My young friends Atiqa Shahid in Sweden and Nickhil Sharma in Germany got this scoop, an interview with the visionary journalist I.A. Rehman, shortly before he passed away. He looks frail but his words are clear and strong. Wrote this short piece in Aman Ki Asha and thought I’d share it as well, below.

Sheen Farrukh, Zakia Sarwar: At our place in Karachi a couple of years ago. Photo: Beena Sarwar

Meanwhile, trying to process other losses. Another dear friend of my parents, journalist friend Sheen Farrukh passed on today in Karachi. A feisty, independent-minded pioneering journalist, she was so encouraging when I came into the field. Always supported me in all my causes – her causes too. Appreciate our friends artist K.B. Abro and writer Attiya Daud who had moved in with her and looked after her. RIP Sheen Khala.

Aaghaz-e-Dosti’s interview with I.A. Rehman, 27 March 2021

“We are neighbours, situated next to each other. We have a shared history and geography. We have fought for our freedom together… Plus human beings are social animals, and social animals talk to each other. Unfortunately, our politicians and states due to their own compulsions have not allowed us to do this”

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Imagine! Neighbours in peace – #KhelneDo! Play for peace

Sharing below the press release of an event we’re organising this weekend. Free and open to the public. Registration required. Scroll below for details.

Sunday April 25, online event

An international squash player, a former test cricketer, an eminent South Asian political commentator, a cricket star and well-known sports journalists will come together this weekend to bat for peace at the online event ‘Khelne Do – Imagine! Neighbours in Peace’. 

Event poster courtesy Vishal Sharma / @southasiapeace
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India-Pakistan dialogue must continue – peace activists at virtual brainstorming session agree to form South Asia Peace Action Network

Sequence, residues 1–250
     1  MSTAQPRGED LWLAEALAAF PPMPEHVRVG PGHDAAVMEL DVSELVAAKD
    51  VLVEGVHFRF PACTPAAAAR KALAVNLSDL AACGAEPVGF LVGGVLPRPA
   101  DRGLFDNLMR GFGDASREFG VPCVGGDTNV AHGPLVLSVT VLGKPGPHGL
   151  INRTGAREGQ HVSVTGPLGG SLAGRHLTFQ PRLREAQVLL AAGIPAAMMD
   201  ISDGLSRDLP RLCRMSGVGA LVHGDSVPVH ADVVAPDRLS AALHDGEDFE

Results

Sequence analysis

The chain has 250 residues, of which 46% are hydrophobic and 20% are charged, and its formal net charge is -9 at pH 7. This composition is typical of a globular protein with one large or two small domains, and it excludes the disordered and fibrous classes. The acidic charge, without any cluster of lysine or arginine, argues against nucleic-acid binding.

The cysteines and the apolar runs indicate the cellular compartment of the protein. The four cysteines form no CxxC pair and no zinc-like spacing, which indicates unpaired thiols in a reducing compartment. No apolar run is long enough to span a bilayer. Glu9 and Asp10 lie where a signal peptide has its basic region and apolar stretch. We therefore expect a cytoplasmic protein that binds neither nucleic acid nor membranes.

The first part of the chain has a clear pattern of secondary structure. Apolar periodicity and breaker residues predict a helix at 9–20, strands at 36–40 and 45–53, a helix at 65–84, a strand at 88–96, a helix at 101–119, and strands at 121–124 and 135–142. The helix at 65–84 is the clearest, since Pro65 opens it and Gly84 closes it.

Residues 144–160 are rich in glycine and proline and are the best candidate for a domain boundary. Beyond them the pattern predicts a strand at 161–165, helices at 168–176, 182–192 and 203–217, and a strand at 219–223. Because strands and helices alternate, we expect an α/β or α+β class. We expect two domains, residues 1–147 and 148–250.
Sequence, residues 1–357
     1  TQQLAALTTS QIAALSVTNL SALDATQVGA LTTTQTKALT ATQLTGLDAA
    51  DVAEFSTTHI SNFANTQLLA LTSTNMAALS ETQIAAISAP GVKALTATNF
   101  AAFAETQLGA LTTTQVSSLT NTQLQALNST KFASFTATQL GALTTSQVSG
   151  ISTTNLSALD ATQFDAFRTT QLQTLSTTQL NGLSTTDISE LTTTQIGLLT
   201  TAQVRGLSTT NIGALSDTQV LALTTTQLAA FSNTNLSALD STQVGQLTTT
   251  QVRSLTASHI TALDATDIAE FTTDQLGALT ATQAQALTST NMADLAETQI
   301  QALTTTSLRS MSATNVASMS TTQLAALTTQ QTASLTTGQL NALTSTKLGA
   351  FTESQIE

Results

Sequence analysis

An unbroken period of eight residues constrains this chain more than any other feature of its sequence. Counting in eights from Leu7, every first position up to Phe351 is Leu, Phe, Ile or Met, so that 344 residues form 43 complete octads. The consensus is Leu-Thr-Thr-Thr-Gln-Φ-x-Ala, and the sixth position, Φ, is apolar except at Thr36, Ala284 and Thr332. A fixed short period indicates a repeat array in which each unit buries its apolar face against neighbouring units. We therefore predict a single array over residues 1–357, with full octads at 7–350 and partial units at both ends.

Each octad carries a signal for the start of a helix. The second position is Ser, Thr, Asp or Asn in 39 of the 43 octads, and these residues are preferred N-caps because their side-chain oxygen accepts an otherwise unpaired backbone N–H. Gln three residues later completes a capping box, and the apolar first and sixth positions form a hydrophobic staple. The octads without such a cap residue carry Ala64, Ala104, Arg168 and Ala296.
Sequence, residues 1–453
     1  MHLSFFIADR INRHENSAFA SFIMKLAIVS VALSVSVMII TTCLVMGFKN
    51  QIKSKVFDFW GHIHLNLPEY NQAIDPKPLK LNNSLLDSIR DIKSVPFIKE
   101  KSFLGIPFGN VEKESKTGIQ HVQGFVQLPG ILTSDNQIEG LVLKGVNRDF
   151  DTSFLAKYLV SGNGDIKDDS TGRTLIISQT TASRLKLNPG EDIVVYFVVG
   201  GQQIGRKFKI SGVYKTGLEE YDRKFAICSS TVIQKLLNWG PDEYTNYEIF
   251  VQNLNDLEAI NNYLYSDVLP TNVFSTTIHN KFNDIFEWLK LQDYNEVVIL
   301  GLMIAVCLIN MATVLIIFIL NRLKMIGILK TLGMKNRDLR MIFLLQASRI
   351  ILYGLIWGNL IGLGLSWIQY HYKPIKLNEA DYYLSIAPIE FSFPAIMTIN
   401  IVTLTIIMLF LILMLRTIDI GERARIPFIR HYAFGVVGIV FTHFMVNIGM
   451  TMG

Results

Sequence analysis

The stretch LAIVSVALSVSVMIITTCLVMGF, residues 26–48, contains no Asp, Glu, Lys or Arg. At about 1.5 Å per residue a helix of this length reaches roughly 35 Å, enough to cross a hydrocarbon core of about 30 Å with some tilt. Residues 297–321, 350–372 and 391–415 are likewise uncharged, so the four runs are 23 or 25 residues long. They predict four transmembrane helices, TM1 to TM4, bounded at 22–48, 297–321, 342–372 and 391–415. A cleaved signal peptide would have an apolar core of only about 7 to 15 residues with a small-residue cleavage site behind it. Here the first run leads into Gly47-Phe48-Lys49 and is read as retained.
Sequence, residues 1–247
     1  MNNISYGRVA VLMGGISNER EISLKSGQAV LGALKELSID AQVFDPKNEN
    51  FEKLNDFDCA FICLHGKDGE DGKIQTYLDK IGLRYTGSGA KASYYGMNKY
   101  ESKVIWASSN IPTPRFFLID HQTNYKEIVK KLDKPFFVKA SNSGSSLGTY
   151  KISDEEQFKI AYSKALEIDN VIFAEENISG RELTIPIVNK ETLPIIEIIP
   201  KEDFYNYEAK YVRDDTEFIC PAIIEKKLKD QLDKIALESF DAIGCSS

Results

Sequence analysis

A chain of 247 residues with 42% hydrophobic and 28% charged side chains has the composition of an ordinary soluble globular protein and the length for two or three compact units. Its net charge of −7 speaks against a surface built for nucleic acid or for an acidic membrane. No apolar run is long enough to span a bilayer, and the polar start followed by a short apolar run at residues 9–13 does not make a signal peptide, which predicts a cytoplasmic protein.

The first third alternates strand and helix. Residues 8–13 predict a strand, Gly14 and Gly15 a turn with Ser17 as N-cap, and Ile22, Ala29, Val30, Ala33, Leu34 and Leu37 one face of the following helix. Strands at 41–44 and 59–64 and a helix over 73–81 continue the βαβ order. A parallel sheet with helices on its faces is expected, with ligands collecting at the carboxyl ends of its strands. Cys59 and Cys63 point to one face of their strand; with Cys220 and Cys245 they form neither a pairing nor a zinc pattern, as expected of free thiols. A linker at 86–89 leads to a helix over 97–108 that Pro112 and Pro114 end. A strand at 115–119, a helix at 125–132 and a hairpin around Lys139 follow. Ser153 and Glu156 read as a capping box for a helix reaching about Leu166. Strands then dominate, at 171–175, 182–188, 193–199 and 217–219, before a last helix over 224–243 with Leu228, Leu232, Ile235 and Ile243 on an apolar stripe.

Wonderful discussions at a brainstorming meeting some of us got together for. Thanks to Mandira Nayar – granddaughter of the late, great Kuldip Nayar for putting this statement together.

Press statement, March 28, 2021:

India and Pakistan peace activists across time zones came together for a virtual brainstorming session on March 28, inspired by the work of giants like Dr Mubashir Hasan, Asma Jahangir, Kuldip Nayar and Nikhil Chakravartty and others. On the agenda was the way forward for the movement, how to invigorate it by involving more allies, younger people and expatriates.

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Talking to the Indian diaspora on India-Pakistan: Youth, Media, Aspirations, Common Issues

A couple of weekends ago I was invited to share my thoughts with Indian Diaspora Washington DC Metro on a topic close to my heart: India-Pakistan: Youth, Media, Aspirations, Common Issues. I posted the information to social media and was amazed at the response – the most I’ve had for any post in a long time. An indication of the passions and aspirations associated with this issue. Sharing a recording of the video below.

Coincidentally, this event took place barely a week after the Directors General of Military Operations (DGMOs) of India and Pakistan’s agreement that came into effect at midnight Feb. 24/25, to implement the 2003 Ceasefire that couldn’t have happened without high level approval. Then a couple of days ago, the Pakistan Army chief in a speech reached out to India, saying it’s time to bury the past, move forward – read my friend Nirumpama Subramaniam’s analysis in The Indian Express here.

Here’s the talk I gave. They edited out the worst of the abuses. but you can still see some of the trolling that took place. Just a glimpse of what we are up against when we stand for peace, countering the military-industrial complex:

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Farewell Saleem Asmi: A quiet warrior slips into the night

Saleem Asmi, Nov. 29, 1934 – Oct. 30, 2020

First published in The News on Sunday, Nov. 8, 2020. Reposted here with more photos.

Saleem Asmi: Portrait by Sharjil Baloch, 2014-2015.

By Beena Sarwar

His old friend S. M. Shahid termed Saleem Asmi a ‘Marxist Sufi’ in his compilation of biographical essays, ‘Living Souls: Memories’. Asmi Sahib would typically brush aside the accolades that came his way, not because he didn’t appreciate himself but because he had no false pride, false humility, or a shred of hypocrisy.

I can imagine his chuckle at the couplet by his favourite poet initially chosen by family and friends to inscribe on his gravestone:

Ye masaail-e-tassawuf, ye tera byan Ghalib
Tujhey hum vali samajhtalay jo na baada khwar hota

The way you talk of philosophy Ghalib, the mystical way you explain it
You would have been considered a saint yourself, had your drinking been less.